Romeo and Juliet
Love is an emotion of strong affection and attachment, it brings with it happiness and contentment. But not all stories have a happy ending. `Romeo and Juliet` is one such epochal romantic tragedy written by Shakespeare and tells us about two star-crossed lovers, uniting in secret due to their feuding families and eventually committing suicide under hostile circumstances.
The play, written between 1591 and 1595, was highly disparaged by the critics due to lack of physiological depth and complexity in comparison with the Shakespeare`s four great tragedies Hamlet, King Lear, Macbeth, and Othello, written in the first decade of the 17th century. However, later scholars discarded the comparative evaluation of the work and upgraded its status within Shakespeare's canon.
The play opens with a brawl between the servants of the Montague and Capulet, the two feuding families, in the streets of Verona.
Romeo, the son of Lord Montague, who is infatuated with Capulet`s niece, Rosaline, persuaded by his cousin Benvolio and Mercutio the kinsman of Prince Escalus, attends the ball at the Capulet house, only to fall in love with Juliet at the first sight. After the ball, Romeo sneaks into Capulet`s courtyard, where both, Romeo and Juliet confess their love for each other, despite knowing the fact that their families were sworn enemies.
The next day, the very much in love couple get secretly married, with the help of Friar Laurence, a Franciscan friar, who hopes to reunite the families with the union of their children.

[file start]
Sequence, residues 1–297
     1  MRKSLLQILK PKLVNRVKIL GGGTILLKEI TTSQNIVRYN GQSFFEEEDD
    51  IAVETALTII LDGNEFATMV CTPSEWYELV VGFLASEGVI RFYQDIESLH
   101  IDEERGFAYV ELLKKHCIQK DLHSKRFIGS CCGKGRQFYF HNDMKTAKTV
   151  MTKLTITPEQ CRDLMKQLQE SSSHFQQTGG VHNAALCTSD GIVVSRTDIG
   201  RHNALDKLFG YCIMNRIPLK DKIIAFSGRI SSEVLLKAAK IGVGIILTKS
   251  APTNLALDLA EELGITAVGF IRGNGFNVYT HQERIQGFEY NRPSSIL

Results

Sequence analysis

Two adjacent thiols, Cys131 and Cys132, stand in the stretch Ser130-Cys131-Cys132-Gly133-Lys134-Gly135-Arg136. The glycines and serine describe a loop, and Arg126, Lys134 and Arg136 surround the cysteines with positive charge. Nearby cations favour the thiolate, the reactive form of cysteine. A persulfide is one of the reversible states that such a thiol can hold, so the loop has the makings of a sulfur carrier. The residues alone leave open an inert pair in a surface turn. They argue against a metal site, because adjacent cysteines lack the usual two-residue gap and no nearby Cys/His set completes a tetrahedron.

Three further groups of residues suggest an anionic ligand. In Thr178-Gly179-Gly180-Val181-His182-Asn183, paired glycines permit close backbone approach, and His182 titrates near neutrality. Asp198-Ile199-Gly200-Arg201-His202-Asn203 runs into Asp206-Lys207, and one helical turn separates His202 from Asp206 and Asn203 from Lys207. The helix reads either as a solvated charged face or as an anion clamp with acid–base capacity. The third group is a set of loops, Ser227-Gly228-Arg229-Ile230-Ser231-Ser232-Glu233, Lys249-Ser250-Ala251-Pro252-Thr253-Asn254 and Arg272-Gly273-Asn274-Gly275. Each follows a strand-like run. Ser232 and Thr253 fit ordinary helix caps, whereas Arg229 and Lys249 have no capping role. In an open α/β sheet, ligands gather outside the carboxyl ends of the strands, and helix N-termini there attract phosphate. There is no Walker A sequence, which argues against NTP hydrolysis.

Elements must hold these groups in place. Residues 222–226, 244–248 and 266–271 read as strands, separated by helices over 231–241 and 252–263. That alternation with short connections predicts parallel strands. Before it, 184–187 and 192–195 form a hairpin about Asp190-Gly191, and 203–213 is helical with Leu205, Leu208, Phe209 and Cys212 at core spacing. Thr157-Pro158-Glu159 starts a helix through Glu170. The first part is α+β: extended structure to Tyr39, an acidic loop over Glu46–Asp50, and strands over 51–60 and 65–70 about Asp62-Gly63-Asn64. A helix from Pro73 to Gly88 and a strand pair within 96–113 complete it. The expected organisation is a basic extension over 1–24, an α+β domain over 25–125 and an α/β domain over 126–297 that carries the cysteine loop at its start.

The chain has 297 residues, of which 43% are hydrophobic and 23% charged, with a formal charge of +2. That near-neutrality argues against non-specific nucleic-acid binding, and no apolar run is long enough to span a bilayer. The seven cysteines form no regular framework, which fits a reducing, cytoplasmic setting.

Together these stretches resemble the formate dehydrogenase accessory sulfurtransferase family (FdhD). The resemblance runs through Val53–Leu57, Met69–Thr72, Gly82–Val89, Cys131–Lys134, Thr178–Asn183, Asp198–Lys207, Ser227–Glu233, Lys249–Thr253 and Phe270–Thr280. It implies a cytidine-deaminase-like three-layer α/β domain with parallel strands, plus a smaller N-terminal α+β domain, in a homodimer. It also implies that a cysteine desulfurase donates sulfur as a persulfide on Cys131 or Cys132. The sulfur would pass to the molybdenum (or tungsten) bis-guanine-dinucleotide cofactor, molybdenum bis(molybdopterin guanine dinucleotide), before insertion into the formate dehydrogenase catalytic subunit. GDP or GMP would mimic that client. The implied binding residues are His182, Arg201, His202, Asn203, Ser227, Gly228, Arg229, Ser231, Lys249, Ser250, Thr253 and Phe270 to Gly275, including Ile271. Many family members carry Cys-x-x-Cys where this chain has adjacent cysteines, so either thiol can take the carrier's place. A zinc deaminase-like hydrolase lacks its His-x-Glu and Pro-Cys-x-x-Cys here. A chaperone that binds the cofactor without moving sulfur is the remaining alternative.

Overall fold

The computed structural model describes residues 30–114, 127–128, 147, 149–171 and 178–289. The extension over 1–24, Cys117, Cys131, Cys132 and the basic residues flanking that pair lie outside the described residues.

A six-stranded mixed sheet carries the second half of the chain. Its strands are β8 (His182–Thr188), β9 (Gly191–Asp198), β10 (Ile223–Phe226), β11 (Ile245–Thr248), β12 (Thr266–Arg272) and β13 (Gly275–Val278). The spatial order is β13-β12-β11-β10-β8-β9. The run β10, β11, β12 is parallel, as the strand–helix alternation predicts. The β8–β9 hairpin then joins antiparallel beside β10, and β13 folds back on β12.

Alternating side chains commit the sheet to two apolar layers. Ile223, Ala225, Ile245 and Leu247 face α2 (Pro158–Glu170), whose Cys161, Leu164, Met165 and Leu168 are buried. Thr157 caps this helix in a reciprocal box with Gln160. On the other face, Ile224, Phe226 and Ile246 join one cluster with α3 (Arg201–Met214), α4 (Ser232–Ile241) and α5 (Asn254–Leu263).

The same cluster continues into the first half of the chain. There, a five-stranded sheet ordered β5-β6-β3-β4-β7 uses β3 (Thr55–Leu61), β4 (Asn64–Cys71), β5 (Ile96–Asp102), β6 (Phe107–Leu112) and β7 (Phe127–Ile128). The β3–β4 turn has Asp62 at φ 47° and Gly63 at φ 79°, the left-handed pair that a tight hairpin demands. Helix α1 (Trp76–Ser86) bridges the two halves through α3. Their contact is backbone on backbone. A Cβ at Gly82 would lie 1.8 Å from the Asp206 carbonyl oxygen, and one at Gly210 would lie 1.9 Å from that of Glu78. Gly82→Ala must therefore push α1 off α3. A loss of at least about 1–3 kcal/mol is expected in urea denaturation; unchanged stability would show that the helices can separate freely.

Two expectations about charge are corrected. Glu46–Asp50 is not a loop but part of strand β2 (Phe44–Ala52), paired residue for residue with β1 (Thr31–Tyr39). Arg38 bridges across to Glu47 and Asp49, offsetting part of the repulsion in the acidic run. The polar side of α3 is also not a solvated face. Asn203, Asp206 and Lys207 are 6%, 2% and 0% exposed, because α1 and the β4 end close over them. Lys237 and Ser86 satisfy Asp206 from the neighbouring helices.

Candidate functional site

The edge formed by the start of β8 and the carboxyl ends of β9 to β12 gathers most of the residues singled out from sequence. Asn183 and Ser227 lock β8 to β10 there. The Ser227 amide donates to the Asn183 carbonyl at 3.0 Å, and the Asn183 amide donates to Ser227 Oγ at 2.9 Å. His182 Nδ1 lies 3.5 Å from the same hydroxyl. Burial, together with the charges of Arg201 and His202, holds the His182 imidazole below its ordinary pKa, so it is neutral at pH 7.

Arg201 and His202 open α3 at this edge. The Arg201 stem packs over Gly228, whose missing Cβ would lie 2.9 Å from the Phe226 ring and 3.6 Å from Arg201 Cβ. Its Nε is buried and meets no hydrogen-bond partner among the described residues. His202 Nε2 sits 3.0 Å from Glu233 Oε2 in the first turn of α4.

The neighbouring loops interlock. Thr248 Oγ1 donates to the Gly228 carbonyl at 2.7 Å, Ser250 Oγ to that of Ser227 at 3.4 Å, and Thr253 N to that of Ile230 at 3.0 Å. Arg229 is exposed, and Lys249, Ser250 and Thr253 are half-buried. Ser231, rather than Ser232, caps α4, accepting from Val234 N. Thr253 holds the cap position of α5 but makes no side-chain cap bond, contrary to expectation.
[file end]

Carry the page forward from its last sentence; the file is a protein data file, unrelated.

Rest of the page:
However, destiny had something else in store for the lovers. Tybalt, Juliet’s cousin, who is enraged over Romeo sneaking into the ball, challenges him to a duel, which Romeo declines as he was now married to Juliet. Mercutio, however, offended by Tybalth accepts the duel. Mercutio is fatally wounded in the duel, which leaves Romeo bereaved, who then confronts Tybalth and slays him. The Prince, having lost his kinsman, exiles Romeo from Verona.
Capulet, who is unaware of Juliet’s marriage to Romeo, decides to marry her to Count Paris, another kinsman of Prince Escalus. Grief-stricken, Juliet seeks Friar Laurence help, who offers her a drug that will put her into a state of death-like coma for forty two hours. Friar promises to inform Romeo about the plan. However, the messenger fails to reach Romeo, who gets to know about the apparent death of Juliet from a servant.
Romeo, believing Juliet to be dead, buys poison and goes to the Capulet crypt, where she was buried. Count Paris, who had come to mourn Juliet`s death, confronts Romeo, thinking him to be a thug. Romeo kills Paris in the clash. Still thinking Juliet to be dead, Romeo consumes the poison. Juliet comes out of coma, only to find her lover dead by her side and stabs herself with the dagger.
The death of Romeo and Juliet results in the reconciliation of the two feuding families.
The play ends with the Prince's elegy for the lovers
"For never was a story of more woe / Than this of Juliet and her Romeo."